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Details of foreign employees on Linkedin is considered as additional evidence to determine the existence of PE in India
Details of foreign employees on Linkedin is considered as additional evidence to determine the existence of PE in India
Details of foreign employees on Linkedin is considered as additional evidence to determine the existence of PE in India
Details of foreign employees on Linkedin is considered as additional evidence to determine the existence of PE in India
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Details of foreign employees on Linkedin is considered as additional evidence to determine the existence of PE in India

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Recently, the Delhi Bench of the Income-tax Appellate Tribunal (the Tribunal) in the case of GE Energy Parts Inc. (the taxpayer) held that the Linkedin profiles of the employees of the GE group, …

Recently, the Delhi Bench of the Income-tax Appellate Tribunal (the Tribunal) in the case of GE Energy Parts Inc. (the taxpayer) held that the Linkedin profiles of the employees of the GE group, submitted by the tax department as an additional evidence, is not hearsay and has considerable bearing on the subject matter of appeal. The taxpayer is free to rebut the information contained in the Linkedin profiles by bringing on record contrary facts to dislodge the claims made in therein. These details are akin to admissions made by a person, considering a third party was not involved in creating the Linkedin profiles. Accordingly, the Tribunal admitted the Linkedin profiles submitted by the tax department as an additional evidence to determine the existence of a Permanent Establishment in India.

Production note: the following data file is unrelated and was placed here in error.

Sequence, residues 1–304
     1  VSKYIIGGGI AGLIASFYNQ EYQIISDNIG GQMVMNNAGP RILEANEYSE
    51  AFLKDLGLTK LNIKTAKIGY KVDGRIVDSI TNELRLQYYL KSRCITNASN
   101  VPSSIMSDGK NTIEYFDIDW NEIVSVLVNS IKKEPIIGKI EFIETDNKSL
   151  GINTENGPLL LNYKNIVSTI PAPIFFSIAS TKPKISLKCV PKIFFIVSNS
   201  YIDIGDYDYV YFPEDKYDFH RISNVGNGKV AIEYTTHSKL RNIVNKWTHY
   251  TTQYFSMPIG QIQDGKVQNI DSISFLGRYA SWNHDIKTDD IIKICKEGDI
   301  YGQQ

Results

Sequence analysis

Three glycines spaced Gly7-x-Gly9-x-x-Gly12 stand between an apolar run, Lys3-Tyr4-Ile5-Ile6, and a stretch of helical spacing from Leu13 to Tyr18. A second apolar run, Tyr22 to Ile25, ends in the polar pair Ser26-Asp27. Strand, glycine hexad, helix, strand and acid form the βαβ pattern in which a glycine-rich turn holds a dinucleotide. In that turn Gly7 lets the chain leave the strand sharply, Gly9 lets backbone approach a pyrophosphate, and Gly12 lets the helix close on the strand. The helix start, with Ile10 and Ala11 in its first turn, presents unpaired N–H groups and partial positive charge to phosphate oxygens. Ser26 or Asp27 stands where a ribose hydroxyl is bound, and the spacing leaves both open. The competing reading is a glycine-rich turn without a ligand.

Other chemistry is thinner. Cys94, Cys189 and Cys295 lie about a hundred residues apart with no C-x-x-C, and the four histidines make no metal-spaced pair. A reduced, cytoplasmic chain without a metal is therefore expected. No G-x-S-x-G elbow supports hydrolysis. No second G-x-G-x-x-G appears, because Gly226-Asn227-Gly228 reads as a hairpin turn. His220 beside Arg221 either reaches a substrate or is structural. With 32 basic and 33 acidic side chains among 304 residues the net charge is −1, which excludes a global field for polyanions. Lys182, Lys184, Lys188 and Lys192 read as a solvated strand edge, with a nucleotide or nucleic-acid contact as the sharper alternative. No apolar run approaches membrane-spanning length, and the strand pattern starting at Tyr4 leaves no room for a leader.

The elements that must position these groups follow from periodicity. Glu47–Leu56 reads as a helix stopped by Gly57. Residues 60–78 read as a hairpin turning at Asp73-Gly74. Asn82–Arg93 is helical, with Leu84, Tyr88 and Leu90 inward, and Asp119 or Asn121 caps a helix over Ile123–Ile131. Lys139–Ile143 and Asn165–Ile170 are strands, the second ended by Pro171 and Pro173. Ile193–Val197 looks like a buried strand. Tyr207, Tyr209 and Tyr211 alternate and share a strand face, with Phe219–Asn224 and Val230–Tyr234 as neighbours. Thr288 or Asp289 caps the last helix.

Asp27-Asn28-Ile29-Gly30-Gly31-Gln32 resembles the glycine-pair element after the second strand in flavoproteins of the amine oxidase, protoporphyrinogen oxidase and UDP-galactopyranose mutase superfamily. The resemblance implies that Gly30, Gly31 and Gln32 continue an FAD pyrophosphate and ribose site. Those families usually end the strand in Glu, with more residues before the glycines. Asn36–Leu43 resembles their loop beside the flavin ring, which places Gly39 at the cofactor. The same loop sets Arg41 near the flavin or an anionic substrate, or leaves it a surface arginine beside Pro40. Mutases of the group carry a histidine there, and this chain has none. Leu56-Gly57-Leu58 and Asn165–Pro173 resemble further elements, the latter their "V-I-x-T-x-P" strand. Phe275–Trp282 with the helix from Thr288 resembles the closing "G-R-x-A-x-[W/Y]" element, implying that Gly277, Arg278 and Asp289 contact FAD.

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  • 1. © 2014 KPMG, an Indian Registered Partnership and a member firm of the KPMG network of independent member firms affiliated with KPMG International Cooperative (“KPMG International”), a Swiss entity. All rights reserved. KPMG FLASH NEWS KPMG IN INDIA Details of foreign employees on Linkedin is considered as additional evidence to determine the existence of PE in India 9 July 2014 B Background Recently, the Delhi Bench of the Income-tax Appellate Tribunal (the Tribunal) in the case of GE Energy Parts Inc. 1 (the taxpayer) held that the Linkedin profiles of the employees of the GE group, submitted by the tax department as an additional evidence, is not hearsay and has considerable bearing on the subject matter of appeal. The taxpayer is free to rebut the information contained in the Linkedin profiles by bringing on record contrary facts to dislodge the claims made in therein. These details are akin to admissions made by a person, considering a third party was not involved in creating the Linkedin profiles. Accordingly, the Tribunal admitted the Linkedin profiles submitted by the tax department as an additional evidence to determine the existence of a Permanent Establishment (PE) in India. ________________ 1 GE Energy Parts Inc. v. ADIT (ITA No. 671/Del/2011) – Taxsutra.com Facts of the case  The GE group was engaged in various sales activities in India, for which the business heads were generally expats, who were appointed to head Indian operations. These expats were on the payroll of GE International Inc. (GEII), but working for various businesses of the GE Group. In accordance with the permission obtained from the RBI, a Liaison Office (LO) was set-up to act as a communication channel between the HO and the customers in India.  During the year under consideration, a survey 2 was conducted at the LO of GE International Operations Company Inc. (GEIOC). During the course of survey, inquiries were made relating to the sales made through various GE overseas entities, employees working from the LO of GEIOC, the roles and responsibilities of various employees, etc. __________________ 2 Section 133A of the Act